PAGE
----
Friday, 29 April 2011

Run, Rabbit, Run by Barbara Mitchelhill and a UK Book Giveaway

Pages - 221

Published in 2011 by Anderson Press

Book kindly sent to me by the author.

Rochdale 1942
You know how it is when you've got a secret and you can't tell anybody? And you have to got to school and pretend everything's normal, even when you know it's not?  Well, it was like that on the first day back after Christmas. 
The war had been going on for ages - horrible things like rationing, blackouts and air-raids sirens happened all the time. On and on and on. But that day I had a secret, and I had something to look forward to.


Lizzie's dad is a conscientious objector to killing people and refuses to fight in the Second World War. Often seen as cowards, Lizzie suffers the abuse from the children at school due to her father's refusal to fight. The police come looking to arrest Lizzie's father, so they all go on the run in the middle of the night, in a desperate attempt to stay together as a family. For a while, they manage to live happily in the idyllic  Whiteway, until their past catches up with them and pushes them on the run again.  Will they ever be able to find peace and live together as a family again?

This book is aimed at the 9 -12 age range and is one of those books that I would find myself recommending to school teachers. If I was still in the classroom, I would definitely use this book as a starting point for the World War II topic often carried out in Year 2.  I think it is a wonderfully descriptive story of life as a child during the world, from the viewpoint of a family vehemently against the war.

The characters are beautifully written and the plot shows the sharp realities of war and how it affects families.  Before reading it, I had never considered how families coped with the separation, and this book really brings home the difficulties and the heartbreaking emotions caused by children being evacuated. The way families are torn apart by war is such a strong theme throughout the book, that I felt it would be a fine example for the children of today to read, who never seem to realise how lucky they are. I think that today's school children would get so much from reading this book, allowing them to visualise what life was like for someone of their age, during hostile times.

I loved Lizzie as a character, I found her very grown up for age, dealing with a lot of difficult situations. I honestly could not see my own children, managing as well as Lizzie.  I could understand her father's decision, but felt he struggled to consider what was best for his children.

This book is quite a short book, so it could easily be read to the class within a few days. If you know any teachers, studying World War II with their class, then I would highly recommend this book.

Barbara Mitchellhill has brought World War II to the children of today.

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Barbara Mitchelhill is offering a signed copy of her book 'Run, Rabbit, Run' on my blog today. If you would like to win a copy of this book, then please leave a comment with your name and your email address so that I can contact you if you are a winner. You don't have to be a follower to enter, but it would lovely if you could promote this competition either via Twitter, or on your blog. The competition closes  on Friday 6th May at midnight.  I must stress again, that is a UK only competition.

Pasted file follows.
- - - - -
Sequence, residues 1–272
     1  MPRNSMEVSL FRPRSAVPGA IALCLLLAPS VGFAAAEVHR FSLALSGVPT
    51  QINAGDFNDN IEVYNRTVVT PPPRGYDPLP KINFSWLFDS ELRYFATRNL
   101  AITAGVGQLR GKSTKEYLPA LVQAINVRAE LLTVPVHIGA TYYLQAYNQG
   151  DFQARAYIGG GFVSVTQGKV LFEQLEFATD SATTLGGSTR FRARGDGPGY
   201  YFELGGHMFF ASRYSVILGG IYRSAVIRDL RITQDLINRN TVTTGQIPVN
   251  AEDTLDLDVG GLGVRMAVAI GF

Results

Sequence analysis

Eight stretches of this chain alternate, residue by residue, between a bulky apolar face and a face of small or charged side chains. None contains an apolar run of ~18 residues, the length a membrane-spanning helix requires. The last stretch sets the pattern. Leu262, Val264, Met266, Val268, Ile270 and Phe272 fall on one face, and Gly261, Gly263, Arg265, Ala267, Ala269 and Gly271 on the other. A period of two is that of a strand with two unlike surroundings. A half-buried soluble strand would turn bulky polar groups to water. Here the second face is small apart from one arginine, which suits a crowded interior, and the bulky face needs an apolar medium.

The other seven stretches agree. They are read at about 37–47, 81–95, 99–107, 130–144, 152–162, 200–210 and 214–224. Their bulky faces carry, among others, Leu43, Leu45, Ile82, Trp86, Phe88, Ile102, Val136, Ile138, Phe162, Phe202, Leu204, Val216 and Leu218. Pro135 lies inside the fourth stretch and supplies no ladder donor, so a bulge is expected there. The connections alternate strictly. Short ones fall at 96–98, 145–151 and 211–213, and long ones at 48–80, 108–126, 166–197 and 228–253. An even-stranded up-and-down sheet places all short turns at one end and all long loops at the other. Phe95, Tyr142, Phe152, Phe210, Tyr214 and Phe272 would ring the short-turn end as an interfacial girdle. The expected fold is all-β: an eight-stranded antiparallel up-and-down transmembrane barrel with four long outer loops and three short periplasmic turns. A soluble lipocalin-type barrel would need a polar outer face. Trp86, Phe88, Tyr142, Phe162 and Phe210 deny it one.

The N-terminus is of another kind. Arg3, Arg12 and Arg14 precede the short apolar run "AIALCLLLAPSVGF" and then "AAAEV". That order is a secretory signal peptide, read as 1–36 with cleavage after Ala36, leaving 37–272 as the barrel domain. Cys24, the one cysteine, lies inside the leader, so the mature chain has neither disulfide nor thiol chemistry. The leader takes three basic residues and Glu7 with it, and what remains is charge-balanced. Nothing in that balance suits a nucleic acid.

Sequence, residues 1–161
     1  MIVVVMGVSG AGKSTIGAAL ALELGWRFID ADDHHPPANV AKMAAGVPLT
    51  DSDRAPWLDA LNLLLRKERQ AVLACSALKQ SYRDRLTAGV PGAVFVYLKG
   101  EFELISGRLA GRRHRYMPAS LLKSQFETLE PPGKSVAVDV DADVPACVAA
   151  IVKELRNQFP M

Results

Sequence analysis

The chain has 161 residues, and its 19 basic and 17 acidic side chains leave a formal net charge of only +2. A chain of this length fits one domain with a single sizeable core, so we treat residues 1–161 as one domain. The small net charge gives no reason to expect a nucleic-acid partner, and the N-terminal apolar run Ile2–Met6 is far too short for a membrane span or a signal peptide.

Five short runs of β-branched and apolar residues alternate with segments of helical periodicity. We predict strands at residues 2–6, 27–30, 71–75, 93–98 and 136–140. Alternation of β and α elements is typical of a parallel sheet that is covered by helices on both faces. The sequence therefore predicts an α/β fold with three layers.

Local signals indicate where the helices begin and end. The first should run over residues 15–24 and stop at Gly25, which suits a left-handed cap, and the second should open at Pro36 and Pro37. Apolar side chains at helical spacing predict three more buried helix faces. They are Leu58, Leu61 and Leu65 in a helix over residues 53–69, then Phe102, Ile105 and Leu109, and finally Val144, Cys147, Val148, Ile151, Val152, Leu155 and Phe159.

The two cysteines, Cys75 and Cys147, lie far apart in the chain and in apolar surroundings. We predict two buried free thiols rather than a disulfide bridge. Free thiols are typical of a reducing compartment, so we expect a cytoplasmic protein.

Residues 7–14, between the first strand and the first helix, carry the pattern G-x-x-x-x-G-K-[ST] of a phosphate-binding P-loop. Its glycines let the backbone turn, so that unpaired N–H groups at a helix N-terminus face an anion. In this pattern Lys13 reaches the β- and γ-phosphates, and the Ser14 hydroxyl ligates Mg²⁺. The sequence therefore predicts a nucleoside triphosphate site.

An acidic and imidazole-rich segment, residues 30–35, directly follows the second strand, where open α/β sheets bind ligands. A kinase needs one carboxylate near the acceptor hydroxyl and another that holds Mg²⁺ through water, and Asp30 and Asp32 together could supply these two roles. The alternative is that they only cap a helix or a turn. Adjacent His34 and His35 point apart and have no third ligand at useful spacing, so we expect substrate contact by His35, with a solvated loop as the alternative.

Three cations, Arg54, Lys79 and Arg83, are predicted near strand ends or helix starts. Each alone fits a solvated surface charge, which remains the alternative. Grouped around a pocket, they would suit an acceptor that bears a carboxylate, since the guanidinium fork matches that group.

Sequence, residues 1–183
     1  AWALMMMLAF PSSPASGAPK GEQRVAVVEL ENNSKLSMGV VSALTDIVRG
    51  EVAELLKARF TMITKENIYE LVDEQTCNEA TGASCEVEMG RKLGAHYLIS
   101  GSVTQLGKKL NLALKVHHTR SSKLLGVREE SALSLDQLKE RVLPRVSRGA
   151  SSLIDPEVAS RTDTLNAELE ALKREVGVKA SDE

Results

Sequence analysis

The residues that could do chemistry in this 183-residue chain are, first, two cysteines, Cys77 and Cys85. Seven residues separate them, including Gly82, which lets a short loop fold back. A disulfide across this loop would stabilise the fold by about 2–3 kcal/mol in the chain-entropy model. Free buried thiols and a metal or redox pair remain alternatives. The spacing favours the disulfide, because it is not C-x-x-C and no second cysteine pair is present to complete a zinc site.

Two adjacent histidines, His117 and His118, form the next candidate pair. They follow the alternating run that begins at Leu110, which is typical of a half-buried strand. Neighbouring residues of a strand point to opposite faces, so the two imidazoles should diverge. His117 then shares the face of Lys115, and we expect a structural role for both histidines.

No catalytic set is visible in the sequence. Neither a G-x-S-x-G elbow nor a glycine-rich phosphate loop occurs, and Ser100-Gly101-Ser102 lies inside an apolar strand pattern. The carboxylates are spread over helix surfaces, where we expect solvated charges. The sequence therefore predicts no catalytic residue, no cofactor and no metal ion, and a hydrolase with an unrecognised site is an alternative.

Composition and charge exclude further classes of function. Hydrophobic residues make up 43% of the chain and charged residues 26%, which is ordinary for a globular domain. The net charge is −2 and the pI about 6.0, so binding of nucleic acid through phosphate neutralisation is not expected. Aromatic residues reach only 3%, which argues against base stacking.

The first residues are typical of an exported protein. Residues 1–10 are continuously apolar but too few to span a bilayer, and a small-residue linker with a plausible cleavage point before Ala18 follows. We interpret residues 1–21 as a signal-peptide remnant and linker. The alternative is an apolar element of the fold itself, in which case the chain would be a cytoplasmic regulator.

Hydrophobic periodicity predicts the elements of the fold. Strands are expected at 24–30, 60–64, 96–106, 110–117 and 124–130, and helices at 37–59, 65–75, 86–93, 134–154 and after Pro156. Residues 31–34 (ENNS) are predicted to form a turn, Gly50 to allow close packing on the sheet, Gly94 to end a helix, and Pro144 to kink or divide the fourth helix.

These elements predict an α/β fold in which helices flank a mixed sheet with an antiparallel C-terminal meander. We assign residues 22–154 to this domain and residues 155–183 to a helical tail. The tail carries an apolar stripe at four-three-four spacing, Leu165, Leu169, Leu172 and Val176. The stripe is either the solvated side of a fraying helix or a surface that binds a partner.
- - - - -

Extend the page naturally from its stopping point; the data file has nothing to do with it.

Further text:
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Come back tomorrow to read Barbara Mitchelhill's guest post.




10 comments:

  1. I would love to enter this giveaway please. Booketta
    My twitter name is bookettajane.
    Email booketta at gmail dot com

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  2. I can't imagine how I would feel having to send my children away. My Mum was evacuated as a child and it just seems so hard to imagine. I'd love to read this, thanks for the chance to win.

    whoopidoo[at]btinternet[dot]com

    I'll sidebar and tweet too :)

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  3. I would love to be entered into the draw. Many thanks.

    My e.mail addy is:

    nanquidno2001atyahoodotcom

    I'll also tweet (user name caffyolay).

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  4. I cannot enter this giveaway :(, but I will post it in my blog's sidebar.

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  5. It does like you say sound like a good book to read to the class when talking about the war

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  6. You're so right about it sounding like a classroom introduction to the war - As you were describing it, it reminded me exactly of the kind of books the teacher would read to us in Junior School. Sounds interesting. I like anything set around the war though. :)

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  7. This does sound like a good one to share in the classroom when discussing the war. Great review.

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  8. Will come back when I'm able to catch up with blog posts, but wanted to be sure I entered this giveaway, would lovethe chance to read it, thanks :)

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  9. I was really interested up until the "9 - 12 age range" point, haha. I have a younger cousin but she might be a bit *too* young still. I don't think they've started learning about WW2 yet.

    I think this would have made a great YA historical fiction novel (like Between Shades of Gray).

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  10. I've always found the concept of sending children away during WWII to be a very hard thing to wrap my head around but I've not really read any books that really dealt with the separation aspect of it. This sounds like a really interesting read.

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